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Diner now serves good comfort food into the night

December 25, 2010|By Lisa Dupuy
(Cheryl A. Guerrero )

What is it about a diner that comforts us so? The waitresses with pencils behind their ears? The pies on display? The regulars? The long counter and swivel chairs? Is it the fake flowers and old photographs? Or just the predictable (in a good way) food? The Toasted Bun in Glendale gives you all those things and now they're doing it beyond breakfast and lunchtime.

Since 1963 they've been serving up comfort food in an easy-going environment. In the mornings, they sling hash and eggs. Afternoons, you can wrangle up a decent sandwich or burger. And, as of a month ago, from 4 to 9 p.m., they offer a menu of more substantial fare at very reasonable prices. After trying a couple of their offerings, my hunch is to stick with the tried and true diner options.

For $10.50, I got a nice pork chop topped with green peppers and onions, some fluffy mashed potatoes with gravy, green beans (canned, I think, but buttery and scrumptious) and a choice between soup and salad. The chicken and rice soup had a great roasted chicken broth. My husband chose the salad, which was cold and covered in a good blue cheese dressing, just like you'd want from a diner. So after all this goodness, I was dismayed to taste his Shrimp Scampi Linguini ($11.25). It tasted too much of wine and had little of that buttery garlic flavor you expect from Scampi. Best to choose the classics like fried chicken, meatloaf and fish & chips over something you'd get at a trattoria, like pasta or salmon.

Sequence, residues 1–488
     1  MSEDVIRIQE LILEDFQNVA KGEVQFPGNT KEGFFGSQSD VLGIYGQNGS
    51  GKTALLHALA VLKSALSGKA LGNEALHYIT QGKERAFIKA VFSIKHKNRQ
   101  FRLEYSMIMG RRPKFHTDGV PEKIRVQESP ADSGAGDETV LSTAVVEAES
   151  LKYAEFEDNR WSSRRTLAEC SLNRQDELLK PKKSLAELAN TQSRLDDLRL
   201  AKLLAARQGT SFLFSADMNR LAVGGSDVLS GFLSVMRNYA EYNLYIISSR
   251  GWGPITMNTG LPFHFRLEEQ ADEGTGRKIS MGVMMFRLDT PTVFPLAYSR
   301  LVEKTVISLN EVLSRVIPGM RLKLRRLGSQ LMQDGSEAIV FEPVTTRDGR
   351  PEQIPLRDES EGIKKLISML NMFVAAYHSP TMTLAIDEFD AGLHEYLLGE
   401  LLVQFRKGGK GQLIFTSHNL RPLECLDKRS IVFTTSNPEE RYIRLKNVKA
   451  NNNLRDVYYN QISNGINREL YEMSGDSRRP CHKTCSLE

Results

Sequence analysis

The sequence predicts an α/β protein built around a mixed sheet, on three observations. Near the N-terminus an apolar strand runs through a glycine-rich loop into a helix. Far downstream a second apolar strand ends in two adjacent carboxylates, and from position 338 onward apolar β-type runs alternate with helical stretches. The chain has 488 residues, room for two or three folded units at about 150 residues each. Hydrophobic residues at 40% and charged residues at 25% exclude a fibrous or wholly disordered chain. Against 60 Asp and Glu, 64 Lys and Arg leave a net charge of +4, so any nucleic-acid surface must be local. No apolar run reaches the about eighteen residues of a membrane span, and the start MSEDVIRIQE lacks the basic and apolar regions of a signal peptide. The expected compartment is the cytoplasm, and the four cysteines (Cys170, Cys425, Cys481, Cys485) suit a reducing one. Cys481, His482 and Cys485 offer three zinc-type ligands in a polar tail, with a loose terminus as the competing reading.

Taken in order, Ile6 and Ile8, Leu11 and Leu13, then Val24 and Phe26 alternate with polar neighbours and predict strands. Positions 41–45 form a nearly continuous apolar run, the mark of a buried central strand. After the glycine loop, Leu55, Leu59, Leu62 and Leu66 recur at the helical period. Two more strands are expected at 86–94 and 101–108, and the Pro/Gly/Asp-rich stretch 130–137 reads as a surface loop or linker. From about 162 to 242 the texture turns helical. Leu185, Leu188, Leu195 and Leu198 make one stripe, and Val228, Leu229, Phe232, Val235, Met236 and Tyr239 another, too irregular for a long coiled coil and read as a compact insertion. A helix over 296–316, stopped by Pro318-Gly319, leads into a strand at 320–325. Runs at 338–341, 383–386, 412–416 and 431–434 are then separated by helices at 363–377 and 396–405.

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Of course diners, at least the ones off the Interstate, are more popular at breakfast and lunch. They make some pretty mean strawberry pancakes here ($6.95). Light and fluffy, they come with sliced fresh strawberries, not the goopy canned stuff, and some rather artlessly spewed whipped cream.

The breakfast burrito ($6.95), while lauded by many, is not, in my opinion, their strong suit. But the patty melt ($6.50) and the steak sandwich ($8) are satisfying. The steak sandwich comes on a soft French roll and flaunts a thin, grilled steak with tomato, avocado, red onion and lettuce. The patty melt has good, strong rye toast and creamy cheese. We had to ask for the grilled onions.

The waitress complained about the cooks not doing what they're supposed to do, like forgetting onions on the patty melt and serving two instead of four pancakes. I thought this was a bit unprofessional, passing the buck like that. But it seems like classic diner behavior.

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